Social Capital and Entrepreneurship in Aspatial Indian Ethnic Communities
Rodrigues, M. W. (2013). Social Capital and Entrepreneurship in Aspatial Indian Ethnic Communities (Thesis, Doctor of Philosophy (PhD)). University of Waikato, Hamilton, New Zealand. Retrieved from http://hdl.handle.net/10289/7308
Permanent Research Commons link: http://hdl.handle.net/10289/7308
This research contributes to an understanding of how work is done in India through an exploration of the effects of religious philosophies, cultures and value systems on management practices. The overarching research question addressed is: How do unique philosophies and traditions influence management systems and practices in India? Central to this thesis are social networks. Embeddedness and interdependence are two important considerations, where dense interactions between economic and non-economic activities provide access to inimitable resources. Embeddedness in ethnic communities leads to the formation of strategic groups, linked by ethnicities, kinship and multiplex ties. Social capital becomes available, which refers to the ability of members to access resources by virtue of their memberships in these social structures. This study shows how a reliance on religious teachings and value systems can lead to the creation of inimitable and valuable resources. How traditions and ties influence collective and independent entrepreneurship is discussed. An important theoretical contribution is the identification and prioritising of orders of social capital, and effects at each level. Contributions to theory include demonstrating the importance of quality and balance in ties, as well as the significance of cognitive anchoring. In research contributions, an Indian management framework, or chakra, is developed to conceptually capture the parameters that are relevant in the Indian context. In practice terms, the importance of the joint family structure in the Indian framework is highlighted and policy recommendations are provided.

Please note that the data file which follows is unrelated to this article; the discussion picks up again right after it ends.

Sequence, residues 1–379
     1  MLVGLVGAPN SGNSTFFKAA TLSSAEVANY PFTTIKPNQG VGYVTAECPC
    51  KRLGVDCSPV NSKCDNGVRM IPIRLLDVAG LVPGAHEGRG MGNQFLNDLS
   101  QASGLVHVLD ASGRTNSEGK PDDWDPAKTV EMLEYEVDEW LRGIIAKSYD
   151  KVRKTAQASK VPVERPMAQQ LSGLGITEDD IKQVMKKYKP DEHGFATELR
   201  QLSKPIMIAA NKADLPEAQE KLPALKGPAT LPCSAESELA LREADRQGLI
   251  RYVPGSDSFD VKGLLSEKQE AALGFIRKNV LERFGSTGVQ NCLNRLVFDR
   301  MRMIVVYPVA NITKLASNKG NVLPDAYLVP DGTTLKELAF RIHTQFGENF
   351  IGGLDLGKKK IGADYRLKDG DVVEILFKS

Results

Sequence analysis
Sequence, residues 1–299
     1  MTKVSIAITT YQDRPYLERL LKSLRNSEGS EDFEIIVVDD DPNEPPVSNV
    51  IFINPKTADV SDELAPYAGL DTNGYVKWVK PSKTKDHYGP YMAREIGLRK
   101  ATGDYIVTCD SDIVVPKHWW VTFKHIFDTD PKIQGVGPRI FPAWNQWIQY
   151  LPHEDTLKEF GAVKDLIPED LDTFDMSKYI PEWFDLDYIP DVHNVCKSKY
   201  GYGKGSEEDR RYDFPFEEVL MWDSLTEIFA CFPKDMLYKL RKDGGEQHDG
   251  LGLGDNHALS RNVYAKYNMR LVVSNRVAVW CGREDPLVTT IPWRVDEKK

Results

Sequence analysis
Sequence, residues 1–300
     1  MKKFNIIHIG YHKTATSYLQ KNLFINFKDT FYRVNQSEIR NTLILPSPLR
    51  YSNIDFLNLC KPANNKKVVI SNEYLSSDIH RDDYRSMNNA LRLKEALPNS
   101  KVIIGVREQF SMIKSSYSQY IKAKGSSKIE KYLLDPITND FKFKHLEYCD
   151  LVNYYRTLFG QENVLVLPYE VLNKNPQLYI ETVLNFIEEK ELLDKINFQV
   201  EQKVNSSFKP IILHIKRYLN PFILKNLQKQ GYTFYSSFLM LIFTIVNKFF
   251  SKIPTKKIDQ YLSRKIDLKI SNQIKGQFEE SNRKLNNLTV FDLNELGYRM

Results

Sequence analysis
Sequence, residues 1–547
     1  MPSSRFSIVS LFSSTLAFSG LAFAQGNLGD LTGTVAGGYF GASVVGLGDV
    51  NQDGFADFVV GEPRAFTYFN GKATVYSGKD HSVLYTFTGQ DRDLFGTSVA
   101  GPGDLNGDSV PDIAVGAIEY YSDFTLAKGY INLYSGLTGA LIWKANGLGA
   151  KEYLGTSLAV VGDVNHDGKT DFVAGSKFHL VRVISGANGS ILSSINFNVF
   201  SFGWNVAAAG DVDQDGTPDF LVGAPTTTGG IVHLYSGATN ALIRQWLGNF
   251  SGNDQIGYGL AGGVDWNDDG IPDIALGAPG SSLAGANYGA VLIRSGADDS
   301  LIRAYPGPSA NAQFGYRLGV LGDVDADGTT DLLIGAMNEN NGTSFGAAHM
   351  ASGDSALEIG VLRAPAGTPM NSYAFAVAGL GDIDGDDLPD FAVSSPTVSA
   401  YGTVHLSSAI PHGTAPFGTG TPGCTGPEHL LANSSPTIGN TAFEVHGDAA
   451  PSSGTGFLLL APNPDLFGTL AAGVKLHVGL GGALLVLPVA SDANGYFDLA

University of Waikato
All items in Research Commons are provided for private study and research purposes and are protected by copyright with all rights reserved unless otherwise indicated.
- Higher Degree Theses